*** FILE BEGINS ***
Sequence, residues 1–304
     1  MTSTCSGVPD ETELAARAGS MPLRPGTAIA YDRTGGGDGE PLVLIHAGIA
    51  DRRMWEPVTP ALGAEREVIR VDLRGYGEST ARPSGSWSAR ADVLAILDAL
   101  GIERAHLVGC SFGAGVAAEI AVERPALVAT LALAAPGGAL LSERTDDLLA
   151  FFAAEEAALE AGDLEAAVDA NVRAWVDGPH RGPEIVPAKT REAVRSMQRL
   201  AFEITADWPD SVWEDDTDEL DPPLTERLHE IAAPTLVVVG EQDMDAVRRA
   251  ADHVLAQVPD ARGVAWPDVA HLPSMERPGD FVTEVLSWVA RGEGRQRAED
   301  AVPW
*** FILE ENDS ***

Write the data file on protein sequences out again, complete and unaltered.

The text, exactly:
Sequence, residues 1–304
     1  MTSTCSGVPD ETELAARAGS MPLRPGTAIA YDRTGGGDGE PLVLIHAGIA
    51  DRRMWEPVTP ALGAEREVIR VDLRGYGEST ARPSGSWSAR ADVLAILDAL
   101  GIERAHLVGC SFGAGVAAEI AVERPALVAT LALAAPGGAL LSERTDDLLA
   151  FFAAEEAALE AGDLEAAVDA NVRAWVDGPH RGPEIVPAKT REAVRSMQRL
   201  AFEITADWPD SVWEDDTDEL DPPLTERLHE IAAPTLVVVG EQDMDAVRRA
   251  ADHVLAQVPD ARGVAWPDVA HLPSMERPGD FVTEVLSWVA RGEGRQRAED
   301  AVPW